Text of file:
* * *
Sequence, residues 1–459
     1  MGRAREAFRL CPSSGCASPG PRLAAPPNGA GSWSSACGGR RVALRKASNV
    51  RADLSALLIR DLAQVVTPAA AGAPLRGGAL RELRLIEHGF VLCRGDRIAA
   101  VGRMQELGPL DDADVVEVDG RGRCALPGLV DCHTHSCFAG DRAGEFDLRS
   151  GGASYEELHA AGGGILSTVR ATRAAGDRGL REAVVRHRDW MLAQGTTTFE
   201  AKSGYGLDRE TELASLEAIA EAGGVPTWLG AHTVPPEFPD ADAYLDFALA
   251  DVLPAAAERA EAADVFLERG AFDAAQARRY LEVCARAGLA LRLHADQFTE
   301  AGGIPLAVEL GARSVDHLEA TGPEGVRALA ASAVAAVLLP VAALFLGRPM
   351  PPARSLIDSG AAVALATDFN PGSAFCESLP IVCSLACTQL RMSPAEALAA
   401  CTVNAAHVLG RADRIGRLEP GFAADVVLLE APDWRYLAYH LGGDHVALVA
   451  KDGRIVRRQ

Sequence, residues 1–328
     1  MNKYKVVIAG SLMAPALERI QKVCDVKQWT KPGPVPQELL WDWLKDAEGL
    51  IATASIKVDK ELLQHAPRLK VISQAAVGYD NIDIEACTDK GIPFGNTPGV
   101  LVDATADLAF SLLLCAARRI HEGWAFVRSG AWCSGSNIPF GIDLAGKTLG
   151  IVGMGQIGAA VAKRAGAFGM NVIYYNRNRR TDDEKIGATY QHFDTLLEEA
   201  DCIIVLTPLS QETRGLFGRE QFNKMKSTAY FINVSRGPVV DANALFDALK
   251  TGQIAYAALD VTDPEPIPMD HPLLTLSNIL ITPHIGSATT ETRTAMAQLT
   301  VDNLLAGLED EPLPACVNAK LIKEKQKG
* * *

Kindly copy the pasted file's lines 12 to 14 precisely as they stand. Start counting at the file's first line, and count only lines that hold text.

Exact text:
Sequence, residues 1–328
     1  MNKYKVVIAG SLMAPALERI QKVCDVKQWT KPGPVPQELL WDWLKDAEGL
    51  IATASIKVDK ELLQHAPRLK VISQAAVGYD NIDIEACTDK GIPFGNTPGV